Boyd Haley, PhD. peers out at an overlook in Kentucky, contemplating the future of a country full of people exposed to toxic mercury dental fillings.
MATTHEW YOUNG, DDS.
Matt Young, DDS. wears full body Haz-Mat protection in order to adhere to Occupational Safety (OSHA) regulations requiring him to protect himself and staff while working with mercury. The levels of mercury vapor released during the removal of an amalgam filling vastly exceed all established safety limits and those at which people are evacuated from buildings.
INTERNATIONAL MERCURY TREATY
Signing of the International Minamata Convention on Mercury by The United Nations Environment Program’s Executive Director, Achim Steiner. Language in this International treaty indicates that mercury amalgam fillings are to be “phased down”. The United States was the first country to sign and ratify the Minamata Convention on Mercury.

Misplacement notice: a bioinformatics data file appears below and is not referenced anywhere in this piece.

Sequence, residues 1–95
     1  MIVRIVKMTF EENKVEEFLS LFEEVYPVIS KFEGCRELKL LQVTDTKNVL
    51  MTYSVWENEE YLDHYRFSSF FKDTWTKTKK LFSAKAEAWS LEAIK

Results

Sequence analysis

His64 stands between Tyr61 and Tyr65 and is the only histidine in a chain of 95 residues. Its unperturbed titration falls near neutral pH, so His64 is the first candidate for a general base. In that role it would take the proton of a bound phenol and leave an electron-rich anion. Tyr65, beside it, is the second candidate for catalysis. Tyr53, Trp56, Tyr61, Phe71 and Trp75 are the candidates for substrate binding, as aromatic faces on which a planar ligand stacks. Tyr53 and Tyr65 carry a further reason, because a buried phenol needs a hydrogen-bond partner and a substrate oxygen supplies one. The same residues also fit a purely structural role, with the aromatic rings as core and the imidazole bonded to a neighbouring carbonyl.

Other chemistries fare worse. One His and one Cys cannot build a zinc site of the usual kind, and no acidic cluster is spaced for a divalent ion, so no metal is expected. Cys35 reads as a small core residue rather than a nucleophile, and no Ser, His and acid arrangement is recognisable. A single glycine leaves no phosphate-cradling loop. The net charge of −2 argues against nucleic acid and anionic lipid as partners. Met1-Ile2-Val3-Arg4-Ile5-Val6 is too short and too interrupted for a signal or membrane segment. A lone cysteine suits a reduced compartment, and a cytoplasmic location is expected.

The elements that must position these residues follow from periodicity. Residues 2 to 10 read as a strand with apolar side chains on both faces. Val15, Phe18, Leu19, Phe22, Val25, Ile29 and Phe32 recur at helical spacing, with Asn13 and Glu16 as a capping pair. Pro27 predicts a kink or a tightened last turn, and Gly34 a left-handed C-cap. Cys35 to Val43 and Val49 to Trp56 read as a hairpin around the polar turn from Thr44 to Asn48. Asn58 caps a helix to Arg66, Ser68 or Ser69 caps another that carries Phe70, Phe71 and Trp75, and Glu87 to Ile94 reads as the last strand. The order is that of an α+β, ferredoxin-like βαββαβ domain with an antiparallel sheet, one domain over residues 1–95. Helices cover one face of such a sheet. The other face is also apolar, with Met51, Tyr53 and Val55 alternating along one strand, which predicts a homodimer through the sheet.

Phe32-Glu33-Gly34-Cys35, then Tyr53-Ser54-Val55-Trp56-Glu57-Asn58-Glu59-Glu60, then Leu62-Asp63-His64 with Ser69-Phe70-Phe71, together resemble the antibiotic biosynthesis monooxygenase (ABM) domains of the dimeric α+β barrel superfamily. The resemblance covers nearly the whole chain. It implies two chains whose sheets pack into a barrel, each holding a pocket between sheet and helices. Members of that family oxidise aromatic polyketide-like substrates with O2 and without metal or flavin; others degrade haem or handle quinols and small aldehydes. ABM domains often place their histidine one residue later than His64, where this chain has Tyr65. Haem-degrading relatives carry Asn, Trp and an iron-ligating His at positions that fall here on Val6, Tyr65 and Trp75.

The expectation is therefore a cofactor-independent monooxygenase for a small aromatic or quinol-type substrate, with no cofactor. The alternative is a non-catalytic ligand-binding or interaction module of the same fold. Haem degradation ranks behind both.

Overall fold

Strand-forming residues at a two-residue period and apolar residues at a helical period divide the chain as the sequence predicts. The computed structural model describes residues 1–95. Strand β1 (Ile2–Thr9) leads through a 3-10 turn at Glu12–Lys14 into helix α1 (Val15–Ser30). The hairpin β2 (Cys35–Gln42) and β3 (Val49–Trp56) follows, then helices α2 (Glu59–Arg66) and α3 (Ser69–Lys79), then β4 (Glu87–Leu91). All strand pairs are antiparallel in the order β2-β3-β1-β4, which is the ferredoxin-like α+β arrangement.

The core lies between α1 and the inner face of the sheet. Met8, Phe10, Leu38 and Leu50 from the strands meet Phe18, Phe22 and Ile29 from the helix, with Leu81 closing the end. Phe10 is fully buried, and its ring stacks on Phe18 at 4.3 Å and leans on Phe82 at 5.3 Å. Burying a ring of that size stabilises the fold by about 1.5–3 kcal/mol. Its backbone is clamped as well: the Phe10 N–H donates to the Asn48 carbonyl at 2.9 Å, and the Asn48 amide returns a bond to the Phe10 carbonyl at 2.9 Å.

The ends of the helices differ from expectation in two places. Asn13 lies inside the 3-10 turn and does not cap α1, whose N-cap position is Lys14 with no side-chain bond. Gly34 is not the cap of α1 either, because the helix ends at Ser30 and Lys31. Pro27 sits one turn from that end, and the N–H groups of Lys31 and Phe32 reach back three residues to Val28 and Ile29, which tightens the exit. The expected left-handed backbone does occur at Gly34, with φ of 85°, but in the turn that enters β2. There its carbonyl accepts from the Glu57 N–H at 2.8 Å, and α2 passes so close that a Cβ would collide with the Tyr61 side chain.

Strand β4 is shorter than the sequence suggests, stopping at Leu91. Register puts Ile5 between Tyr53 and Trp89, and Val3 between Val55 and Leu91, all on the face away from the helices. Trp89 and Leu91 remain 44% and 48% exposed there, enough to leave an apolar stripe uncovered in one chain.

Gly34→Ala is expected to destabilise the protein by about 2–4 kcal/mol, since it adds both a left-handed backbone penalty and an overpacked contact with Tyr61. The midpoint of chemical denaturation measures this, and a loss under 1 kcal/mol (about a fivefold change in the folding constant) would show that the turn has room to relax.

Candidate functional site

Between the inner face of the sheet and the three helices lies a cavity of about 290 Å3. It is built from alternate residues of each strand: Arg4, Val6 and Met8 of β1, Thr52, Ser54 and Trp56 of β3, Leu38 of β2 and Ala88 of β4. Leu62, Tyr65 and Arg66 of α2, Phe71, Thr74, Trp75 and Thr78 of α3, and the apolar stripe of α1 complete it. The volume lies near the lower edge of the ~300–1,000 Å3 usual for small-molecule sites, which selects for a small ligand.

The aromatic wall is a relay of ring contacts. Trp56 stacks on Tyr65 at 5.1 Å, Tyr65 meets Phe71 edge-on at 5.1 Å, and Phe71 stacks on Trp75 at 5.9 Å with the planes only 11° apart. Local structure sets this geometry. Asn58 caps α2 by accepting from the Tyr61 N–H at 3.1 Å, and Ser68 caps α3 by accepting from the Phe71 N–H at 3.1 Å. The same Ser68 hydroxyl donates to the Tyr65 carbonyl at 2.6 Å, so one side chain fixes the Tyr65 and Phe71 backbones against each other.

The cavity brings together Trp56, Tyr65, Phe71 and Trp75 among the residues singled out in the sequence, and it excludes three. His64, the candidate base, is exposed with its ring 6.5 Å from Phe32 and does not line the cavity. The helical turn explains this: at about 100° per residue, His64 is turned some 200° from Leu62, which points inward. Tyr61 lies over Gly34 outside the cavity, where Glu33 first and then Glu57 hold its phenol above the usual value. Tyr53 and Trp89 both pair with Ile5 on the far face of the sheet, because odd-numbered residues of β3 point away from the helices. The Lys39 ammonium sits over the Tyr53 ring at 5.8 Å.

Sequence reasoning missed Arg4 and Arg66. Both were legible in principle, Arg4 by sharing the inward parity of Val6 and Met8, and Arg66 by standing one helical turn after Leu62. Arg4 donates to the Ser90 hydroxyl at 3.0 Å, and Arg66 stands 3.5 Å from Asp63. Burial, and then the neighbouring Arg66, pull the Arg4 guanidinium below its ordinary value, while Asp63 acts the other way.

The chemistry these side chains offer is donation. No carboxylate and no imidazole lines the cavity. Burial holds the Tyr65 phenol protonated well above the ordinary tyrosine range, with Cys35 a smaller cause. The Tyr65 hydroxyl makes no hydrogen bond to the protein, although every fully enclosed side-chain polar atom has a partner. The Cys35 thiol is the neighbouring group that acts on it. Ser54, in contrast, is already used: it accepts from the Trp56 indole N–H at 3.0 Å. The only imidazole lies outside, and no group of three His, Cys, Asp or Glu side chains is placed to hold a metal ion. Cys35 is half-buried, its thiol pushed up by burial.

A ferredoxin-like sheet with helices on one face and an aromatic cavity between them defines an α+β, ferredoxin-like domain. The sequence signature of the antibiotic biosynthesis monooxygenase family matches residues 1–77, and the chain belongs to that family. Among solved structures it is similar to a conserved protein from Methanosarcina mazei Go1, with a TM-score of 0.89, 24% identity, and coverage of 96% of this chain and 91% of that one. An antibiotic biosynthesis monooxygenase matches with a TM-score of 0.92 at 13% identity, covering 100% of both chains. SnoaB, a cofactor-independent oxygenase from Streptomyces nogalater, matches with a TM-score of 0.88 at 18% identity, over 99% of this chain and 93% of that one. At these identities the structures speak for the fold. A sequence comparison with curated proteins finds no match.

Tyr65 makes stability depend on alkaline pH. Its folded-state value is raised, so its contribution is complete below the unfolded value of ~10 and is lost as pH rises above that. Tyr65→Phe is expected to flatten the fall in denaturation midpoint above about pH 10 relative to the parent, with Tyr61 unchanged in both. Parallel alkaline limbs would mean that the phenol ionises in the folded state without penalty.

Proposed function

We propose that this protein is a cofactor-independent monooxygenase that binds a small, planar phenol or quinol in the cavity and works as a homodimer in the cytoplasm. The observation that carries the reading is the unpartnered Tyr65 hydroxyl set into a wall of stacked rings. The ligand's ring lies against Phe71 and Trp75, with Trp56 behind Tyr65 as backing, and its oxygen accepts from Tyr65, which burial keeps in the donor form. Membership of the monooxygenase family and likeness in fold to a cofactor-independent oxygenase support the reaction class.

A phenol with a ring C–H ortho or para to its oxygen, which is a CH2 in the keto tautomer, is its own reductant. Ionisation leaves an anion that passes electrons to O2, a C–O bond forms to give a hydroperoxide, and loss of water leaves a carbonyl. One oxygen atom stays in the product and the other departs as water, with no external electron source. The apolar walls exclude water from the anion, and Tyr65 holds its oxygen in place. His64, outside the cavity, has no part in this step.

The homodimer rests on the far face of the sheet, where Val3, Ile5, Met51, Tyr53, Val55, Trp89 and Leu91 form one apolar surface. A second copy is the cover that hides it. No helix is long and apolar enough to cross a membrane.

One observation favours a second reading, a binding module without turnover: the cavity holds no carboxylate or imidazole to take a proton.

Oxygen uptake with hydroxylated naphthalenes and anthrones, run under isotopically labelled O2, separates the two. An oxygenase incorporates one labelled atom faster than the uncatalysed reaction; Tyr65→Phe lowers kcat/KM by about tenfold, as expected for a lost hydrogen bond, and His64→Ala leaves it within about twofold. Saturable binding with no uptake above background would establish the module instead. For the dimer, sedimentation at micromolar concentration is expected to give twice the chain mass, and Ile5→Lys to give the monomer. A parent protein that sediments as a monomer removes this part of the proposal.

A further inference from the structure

Randall was a stay at home dad in the Kansas City area until his father, who was diagnosed with Alzheimer’s disease came to live with him. Seeing the effects of the disease first hand prompted Randall to look into the potential causes of Alzheimer’s disease. What he found put him on a path to create a documentary about the devastating effects of mercury dental fillings on patients, dental staff and the global environment.
DENTAL MERCURY & THE ENVIRONMENT
According to the USGS, Dentists are the largest users of elemental mercury in the United States.
According to the manufacturers of dental amalgam, amalgam fillings are made up of 50% elemental mercury (up to 900 milligrams in some instances)
When all point sources are added together, dental mercury contributes up to 340 tons of mercury into the global environment each year.